150 years later, Pa. newspaper apologizes for panning Gettysburg Address

Lincoln's Gettysburg Address, Nov. 19, 1863 President Lincoln delivered his famous speech at the dedication of the Soldiers' National Cemetery at Gettysburg. Library of Congress

HARRISBURG, Pa. - It took 150 years, but a Pennsylvania newspaper said Thursday it should have recognized the greatness of President Abraham Lincoln's Gettysburg Address at the time it was delivered.

The Patriot-News of Harrisburg, about 35 miles northeast of Gettysburg, retracted a dismissive editorial penned by its Civil War-era predecessor, The Harrisburg Patriot & Union.

The president's speech is now considered a triumph of American oratory.

The retraction, which echoes Lincoln's now-familiar language, said the newspaper's November 1863 coverage was wrong when it described the speech as "silly remarks" that deserved a "veil of oblivion."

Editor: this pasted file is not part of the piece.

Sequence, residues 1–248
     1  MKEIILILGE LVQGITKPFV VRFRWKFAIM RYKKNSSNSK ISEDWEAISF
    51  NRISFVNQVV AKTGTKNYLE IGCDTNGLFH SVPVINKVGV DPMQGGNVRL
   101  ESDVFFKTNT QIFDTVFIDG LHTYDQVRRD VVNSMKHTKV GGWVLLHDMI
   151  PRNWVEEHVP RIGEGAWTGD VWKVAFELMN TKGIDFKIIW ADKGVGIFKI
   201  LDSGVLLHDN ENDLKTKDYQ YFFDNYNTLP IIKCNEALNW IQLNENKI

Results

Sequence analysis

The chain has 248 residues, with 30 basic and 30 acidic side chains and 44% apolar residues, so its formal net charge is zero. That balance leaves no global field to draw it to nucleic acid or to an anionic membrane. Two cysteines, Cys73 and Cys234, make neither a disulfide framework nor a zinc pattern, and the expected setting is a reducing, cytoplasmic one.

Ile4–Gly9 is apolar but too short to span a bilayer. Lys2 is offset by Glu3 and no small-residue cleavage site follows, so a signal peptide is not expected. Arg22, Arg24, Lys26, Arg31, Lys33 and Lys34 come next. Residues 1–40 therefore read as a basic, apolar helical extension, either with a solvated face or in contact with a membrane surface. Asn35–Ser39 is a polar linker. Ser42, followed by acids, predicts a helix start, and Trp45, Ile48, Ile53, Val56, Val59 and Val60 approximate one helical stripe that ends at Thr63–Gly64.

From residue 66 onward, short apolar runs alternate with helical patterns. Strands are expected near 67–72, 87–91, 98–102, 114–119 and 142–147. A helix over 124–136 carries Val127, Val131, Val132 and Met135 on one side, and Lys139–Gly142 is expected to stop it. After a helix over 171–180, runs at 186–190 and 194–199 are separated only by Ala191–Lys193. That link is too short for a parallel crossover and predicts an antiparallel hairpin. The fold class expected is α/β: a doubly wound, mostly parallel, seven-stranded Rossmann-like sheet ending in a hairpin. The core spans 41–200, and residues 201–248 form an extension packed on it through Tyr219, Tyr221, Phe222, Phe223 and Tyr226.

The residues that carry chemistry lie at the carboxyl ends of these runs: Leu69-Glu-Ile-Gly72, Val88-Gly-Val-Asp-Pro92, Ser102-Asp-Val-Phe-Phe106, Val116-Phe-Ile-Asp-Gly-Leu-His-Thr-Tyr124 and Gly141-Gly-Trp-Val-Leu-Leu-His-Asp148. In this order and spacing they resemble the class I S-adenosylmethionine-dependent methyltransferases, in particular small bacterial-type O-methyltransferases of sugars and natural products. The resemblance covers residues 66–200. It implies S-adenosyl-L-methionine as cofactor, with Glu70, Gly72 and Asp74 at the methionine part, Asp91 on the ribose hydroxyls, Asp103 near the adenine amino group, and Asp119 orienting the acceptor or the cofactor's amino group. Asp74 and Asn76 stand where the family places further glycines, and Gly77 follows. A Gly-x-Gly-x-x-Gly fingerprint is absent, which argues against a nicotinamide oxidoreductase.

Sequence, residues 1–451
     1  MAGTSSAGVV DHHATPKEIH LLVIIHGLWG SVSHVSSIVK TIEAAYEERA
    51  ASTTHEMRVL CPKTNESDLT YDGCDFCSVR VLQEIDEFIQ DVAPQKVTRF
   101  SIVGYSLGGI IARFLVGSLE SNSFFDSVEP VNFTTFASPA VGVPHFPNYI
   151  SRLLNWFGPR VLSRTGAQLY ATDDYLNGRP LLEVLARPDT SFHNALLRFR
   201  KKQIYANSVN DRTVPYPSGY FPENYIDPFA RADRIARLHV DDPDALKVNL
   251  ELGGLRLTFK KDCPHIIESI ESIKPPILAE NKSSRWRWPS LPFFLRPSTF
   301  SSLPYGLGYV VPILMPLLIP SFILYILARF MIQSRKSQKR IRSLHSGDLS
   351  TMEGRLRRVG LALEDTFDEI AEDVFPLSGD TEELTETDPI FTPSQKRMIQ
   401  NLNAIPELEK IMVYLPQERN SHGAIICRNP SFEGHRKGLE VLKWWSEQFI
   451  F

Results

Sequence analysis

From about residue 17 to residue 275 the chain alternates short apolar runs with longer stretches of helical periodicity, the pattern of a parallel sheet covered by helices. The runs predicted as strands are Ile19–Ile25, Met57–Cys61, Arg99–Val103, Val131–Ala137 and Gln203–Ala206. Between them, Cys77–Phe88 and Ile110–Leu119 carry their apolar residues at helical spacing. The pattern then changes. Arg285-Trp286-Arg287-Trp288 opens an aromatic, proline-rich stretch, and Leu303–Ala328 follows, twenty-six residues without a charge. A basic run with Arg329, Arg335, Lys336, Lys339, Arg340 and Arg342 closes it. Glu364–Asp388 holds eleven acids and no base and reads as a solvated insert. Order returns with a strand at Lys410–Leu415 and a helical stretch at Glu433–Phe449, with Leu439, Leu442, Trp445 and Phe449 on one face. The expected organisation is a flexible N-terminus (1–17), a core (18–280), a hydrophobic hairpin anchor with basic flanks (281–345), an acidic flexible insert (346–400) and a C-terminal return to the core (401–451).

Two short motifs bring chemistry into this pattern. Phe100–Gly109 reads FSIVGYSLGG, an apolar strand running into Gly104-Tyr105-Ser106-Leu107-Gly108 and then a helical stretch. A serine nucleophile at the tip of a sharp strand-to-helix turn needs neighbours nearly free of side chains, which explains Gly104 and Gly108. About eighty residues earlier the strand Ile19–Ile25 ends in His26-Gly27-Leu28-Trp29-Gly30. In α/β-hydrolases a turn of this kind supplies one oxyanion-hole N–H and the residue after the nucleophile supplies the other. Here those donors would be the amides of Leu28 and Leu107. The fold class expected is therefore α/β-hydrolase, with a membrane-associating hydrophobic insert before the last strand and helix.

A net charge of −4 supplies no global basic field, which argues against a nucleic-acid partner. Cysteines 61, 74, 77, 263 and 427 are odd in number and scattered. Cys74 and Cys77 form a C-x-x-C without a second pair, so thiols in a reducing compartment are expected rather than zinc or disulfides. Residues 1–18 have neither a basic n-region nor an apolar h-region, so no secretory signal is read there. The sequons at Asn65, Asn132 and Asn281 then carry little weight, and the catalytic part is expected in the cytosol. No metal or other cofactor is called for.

The paper now says it regrets the error of not seeing its "momentous importance, timeless eloquence and lasting significance."

"By today's words alone, we cannot exalt, we cannot hallow, we cannot venerate this sacred text, for a grateful nation long ago came to view those words with reverence, without guidance from this chagrined member of the mainstream media," the paper wrote, echoing the words of the address.

Separately, the paper also recounted how it covered the dedication of the national cemetery, nearly five months after the pivotal battle in which federal forces repelled a Confederate Army advance from Virginia into Pennsylvania. More than 3,500 Union soldiers killed in the battle are buried there.

During the Civil War, the Patriot & Union was a Democratic newspaper that was staunchly opposed to Lincoln.

An event to remember the 150th anniversary of the speech is scheduled for Tuesday in Gettysburg.

Allen Guelzo, author of "Gettysburg: The Last Invasion," told CBSNews.com that the Battle of Gettysburg, which ended four months before the iconic speech, gave Lincoln confidence to give his address.

"For (Lincoln), Gettysburg was like a rainbow in the sky," Guelzo said. "It promised victory and by the end of the summer, Lincoln was feeling free to say peace did not seem so distant as it once did."



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